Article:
Macular degeneration trial will be first human test of Nobel-winning stem cell technique

18 January 2019
Source: STAT

Curing diabetes with stem cells? Everyone knew that would be hard. Parkinson’s disease? Harder. Alzheimer’s? Probably impossible. But age-related macular degeneration, a major cause of blindness? That was supposed to be low-hanging fruit.

The cause of AMD is well-known, the recipe for turning stem cells into retinal cells works like a charm, and the eye is “immunoprivileged,” meaning immune cells don’t attack foreigners such as, say, lab-made retinal cells. Yet more than a decade after animal studies showed promise, and nearly eight years since retinal cells created from embryonic stem cells were safely transplanted into nine patients in a clinical trial, no one outside of a research setting (or a rogue clinic) is getting stem cell therapy for macular degeneration.

That may change soon. Researchers in California expect to launch a Phase 2 clinical trial of stem cell therapy for age-related macular degeneration this year, while a team from the National Institutes of Health is not far behind: It is planning the first study in humans using what are called induced pluripotent stem cells, which were discovered 12 years ago and won a 2012 Nobel Prize. These cells (iPSCs, for short) are made by sending plain old adult cells back in time, biologically, until they’re like embryonic stem cells — but without the ethical baggage those cells carry.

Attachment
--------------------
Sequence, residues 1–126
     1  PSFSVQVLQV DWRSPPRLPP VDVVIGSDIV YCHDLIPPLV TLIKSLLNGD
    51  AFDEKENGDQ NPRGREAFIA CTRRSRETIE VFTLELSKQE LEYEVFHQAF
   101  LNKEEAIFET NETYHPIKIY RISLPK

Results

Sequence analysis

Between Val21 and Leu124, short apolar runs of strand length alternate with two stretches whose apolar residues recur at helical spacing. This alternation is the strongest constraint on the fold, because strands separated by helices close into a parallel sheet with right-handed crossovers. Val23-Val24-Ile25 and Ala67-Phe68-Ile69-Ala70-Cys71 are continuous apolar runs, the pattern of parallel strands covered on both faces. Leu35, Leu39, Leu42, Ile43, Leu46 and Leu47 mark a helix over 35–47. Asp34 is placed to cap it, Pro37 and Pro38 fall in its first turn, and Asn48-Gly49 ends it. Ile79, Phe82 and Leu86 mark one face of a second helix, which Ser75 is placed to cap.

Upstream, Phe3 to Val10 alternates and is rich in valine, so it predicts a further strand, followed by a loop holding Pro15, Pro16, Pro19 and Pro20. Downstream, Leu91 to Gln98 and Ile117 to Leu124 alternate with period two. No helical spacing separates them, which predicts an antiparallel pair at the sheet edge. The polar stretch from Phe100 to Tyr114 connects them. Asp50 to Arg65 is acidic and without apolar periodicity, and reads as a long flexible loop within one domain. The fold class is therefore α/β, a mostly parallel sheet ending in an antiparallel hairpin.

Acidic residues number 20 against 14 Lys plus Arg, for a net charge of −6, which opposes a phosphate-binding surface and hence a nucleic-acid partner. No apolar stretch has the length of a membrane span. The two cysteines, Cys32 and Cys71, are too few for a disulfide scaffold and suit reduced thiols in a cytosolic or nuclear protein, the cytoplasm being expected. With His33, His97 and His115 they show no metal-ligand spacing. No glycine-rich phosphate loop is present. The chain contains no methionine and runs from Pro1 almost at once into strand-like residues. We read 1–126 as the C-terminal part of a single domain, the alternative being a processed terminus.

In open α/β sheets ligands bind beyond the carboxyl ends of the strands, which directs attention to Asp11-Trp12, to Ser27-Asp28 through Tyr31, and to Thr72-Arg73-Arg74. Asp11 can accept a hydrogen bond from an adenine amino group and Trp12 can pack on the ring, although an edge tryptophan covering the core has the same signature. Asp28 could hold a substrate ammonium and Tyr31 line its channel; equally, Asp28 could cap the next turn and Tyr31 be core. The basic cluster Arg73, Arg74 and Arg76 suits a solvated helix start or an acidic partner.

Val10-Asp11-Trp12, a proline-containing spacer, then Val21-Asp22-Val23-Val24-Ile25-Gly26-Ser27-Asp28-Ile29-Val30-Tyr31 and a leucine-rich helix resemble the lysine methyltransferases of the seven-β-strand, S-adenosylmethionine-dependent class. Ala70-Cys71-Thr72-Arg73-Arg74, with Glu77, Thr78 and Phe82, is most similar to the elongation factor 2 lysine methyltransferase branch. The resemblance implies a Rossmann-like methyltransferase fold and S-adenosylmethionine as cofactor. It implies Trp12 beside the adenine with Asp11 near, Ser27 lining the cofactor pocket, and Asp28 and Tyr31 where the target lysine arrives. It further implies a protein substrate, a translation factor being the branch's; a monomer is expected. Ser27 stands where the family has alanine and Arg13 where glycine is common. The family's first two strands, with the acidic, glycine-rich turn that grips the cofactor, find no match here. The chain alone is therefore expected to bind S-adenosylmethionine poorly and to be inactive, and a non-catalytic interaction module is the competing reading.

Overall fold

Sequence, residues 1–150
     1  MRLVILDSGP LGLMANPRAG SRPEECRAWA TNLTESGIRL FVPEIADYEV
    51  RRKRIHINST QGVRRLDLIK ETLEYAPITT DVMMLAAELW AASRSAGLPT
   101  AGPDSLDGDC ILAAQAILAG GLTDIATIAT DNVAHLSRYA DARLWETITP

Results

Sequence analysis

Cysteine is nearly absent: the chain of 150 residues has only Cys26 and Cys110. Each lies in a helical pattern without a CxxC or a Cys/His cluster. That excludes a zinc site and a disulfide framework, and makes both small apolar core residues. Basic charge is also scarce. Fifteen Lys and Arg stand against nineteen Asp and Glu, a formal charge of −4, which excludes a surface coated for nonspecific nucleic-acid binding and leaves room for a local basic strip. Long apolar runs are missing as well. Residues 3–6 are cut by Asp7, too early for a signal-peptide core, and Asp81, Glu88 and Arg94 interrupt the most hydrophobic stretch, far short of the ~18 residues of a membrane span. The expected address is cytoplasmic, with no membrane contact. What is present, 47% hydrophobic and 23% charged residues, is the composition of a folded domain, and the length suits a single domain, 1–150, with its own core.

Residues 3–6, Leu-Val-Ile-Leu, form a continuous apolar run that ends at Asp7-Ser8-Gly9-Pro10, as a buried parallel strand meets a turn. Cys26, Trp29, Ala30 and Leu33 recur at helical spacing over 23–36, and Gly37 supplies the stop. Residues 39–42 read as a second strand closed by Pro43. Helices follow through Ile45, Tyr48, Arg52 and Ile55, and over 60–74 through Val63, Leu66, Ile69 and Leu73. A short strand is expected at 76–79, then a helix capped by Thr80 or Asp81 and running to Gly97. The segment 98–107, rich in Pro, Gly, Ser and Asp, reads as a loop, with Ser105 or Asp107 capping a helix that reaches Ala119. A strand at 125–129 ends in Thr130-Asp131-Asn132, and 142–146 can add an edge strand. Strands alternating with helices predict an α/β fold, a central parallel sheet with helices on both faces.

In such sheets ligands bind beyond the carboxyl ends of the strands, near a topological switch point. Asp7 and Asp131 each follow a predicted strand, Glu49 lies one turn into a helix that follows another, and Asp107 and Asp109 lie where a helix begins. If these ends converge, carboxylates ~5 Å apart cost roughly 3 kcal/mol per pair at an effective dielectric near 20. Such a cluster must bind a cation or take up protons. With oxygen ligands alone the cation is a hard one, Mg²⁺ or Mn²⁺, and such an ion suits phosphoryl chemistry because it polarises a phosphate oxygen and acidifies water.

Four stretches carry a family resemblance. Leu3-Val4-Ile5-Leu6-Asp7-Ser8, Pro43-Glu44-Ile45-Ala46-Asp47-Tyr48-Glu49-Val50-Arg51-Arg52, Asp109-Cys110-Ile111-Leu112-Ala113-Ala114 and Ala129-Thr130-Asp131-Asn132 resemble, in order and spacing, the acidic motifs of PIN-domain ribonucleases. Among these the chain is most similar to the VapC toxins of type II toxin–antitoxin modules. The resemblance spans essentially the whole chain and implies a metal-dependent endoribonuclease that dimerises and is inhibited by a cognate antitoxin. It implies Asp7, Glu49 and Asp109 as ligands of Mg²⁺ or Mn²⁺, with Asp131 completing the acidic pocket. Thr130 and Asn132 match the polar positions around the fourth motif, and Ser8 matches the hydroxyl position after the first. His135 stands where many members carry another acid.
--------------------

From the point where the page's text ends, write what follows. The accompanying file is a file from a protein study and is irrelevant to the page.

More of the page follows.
Read the full article on the STAT site

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